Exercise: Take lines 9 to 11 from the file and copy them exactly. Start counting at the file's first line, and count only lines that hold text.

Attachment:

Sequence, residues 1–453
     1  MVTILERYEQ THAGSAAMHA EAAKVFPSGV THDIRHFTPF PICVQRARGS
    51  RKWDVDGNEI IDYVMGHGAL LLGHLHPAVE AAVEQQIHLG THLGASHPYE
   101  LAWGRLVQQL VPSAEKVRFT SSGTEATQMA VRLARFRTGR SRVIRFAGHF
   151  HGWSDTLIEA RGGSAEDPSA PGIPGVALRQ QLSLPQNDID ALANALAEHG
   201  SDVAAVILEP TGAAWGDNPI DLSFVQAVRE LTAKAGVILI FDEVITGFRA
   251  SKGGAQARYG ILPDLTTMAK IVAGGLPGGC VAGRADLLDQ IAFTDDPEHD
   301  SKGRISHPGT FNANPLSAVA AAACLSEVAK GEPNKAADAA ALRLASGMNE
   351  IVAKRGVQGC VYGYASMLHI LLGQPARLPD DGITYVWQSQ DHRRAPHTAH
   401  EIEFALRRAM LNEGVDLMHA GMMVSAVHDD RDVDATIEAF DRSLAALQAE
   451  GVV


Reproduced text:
   351  IVAKRGVQGC VYGYASMLHI LLGQPARLPD DGITYVWQSQ DHRRAPHTAH
   401  EIEFALRRAM LNEGVDLMHA GMMVSAVHDD RDVDATIEAF DRSLAALQAE
   451  GVV